Emotet has been doing the rounds for several years but continues to be the banking trojan of choice. Hopefully all your users know by now not to open documents from unknown sources, and to be suspicious of anything that asks for macros to be enabled…:
The Australian government is warning businesses to harden their cyber security controls in the wake of the evolving Emotet malware.
Emotet exposes infected computers to a host of attacks including ransomware and data theft, and can spread to a victim’s friends and contacts using their email account.
The Australian Cyber Security Centre (ACSC) says it knows of dozens of victims the malware has claimed in recent weeks, including critical infrastructure providers and government agencies.
This victim count is small relative to the hundreds of victims claimed by conventional phishing cyberattacks over the same time, but could rise if Emotet’s popularity rebounds to former levels.
The malware’s most popular feature – raiding a victim’s bank accounts – meant that it was used in 75 percent of banking crime campaigns in the last year.
Emotet spreads through phishing emails. The contents of these vary, but researchers have seen often poorly written emails requesting readers open Word documents that request the macro feature be activated in Microsoft Office.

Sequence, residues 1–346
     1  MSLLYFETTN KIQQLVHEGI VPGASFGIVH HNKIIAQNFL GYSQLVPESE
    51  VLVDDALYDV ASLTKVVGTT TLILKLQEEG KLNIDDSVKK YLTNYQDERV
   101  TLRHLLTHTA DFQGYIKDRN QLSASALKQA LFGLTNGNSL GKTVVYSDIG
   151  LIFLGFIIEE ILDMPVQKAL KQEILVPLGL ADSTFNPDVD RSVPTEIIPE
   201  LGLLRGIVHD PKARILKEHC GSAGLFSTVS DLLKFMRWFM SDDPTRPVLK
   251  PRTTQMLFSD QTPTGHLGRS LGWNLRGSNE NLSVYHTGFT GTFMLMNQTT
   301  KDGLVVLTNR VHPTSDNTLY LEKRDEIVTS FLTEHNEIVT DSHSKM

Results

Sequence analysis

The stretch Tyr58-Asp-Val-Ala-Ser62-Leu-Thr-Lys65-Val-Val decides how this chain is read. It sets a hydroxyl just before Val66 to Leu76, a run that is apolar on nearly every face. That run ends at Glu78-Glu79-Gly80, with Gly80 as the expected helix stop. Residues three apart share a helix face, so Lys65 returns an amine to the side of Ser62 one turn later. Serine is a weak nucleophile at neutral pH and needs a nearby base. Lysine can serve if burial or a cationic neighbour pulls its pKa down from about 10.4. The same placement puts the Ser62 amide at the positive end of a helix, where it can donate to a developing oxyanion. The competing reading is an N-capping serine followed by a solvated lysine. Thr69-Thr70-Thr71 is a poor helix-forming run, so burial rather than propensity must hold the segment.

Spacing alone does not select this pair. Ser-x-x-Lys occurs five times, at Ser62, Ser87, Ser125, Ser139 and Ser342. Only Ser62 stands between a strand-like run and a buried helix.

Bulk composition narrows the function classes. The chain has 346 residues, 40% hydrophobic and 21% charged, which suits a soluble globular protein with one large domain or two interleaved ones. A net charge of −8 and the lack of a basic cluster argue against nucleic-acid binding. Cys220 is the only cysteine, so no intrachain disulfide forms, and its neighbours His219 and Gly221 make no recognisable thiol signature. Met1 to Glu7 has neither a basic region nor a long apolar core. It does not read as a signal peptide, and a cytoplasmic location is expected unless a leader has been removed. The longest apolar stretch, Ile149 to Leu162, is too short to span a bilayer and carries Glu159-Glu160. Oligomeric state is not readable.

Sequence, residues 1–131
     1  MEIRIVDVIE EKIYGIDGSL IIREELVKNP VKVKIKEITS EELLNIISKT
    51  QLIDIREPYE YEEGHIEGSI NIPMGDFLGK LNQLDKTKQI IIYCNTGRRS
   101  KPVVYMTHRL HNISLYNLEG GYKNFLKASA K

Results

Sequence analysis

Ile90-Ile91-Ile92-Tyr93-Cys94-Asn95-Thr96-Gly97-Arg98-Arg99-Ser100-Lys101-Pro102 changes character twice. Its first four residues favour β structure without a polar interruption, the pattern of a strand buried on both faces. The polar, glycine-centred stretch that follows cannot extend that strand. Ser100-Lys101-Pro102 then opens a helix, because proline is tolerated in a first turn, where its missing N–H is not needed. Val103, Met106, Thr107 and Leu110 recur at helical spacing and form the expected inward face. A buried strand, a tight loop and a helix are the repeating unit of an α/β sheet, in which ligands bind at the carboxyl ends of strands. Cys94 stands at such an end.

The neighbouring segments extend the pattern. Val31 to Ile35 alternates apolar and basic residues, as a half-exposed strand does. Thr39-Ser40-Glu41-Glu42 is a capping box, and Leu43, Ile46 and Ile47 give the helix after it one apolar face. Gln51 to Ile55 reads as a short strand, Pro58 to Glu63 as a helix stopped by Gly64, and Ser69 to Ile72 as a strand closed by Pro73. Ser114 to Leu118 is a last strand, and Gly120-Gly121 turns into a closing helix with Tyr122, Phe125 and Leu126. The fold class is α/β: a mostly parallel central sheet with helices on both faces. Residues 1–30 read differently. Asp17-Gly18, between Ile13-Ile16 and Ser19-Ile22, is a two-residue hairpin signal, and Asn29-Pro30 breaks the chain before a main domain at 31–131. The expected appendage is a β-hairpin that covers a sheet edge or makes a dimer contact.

There is little preventing Emotet’s phishing emails, and those linked to other cyber attacks, from being convincing and fluent.
“Emotet malware is spread when unsuspecting email users click on links or open files containing malicious code,” the ACSC warned. “This campaign uses targeted and untargeted phishing emails to spread the virus.”
Recent versions of Microsoft Word warn users of the threat of activating macros. Macros, an automation feature, are a decades-old favourite for delivering malware, and continue to be so in the face of Microsoft’s much-improved technical and user defences.
Emotet, like most cyberattacks, is best fought through the rapid application of software updates (patching), and use of current operating systems like Windows 10 which contains significant defences and in-built antivirus.
Organisations of all sizes should ensure they are creating regular backups as a priority and confirm they have business continuity plans in place, and review the Australian Signals Directorate’s Essential Eight security controls to limit the impact of cyber security incidents.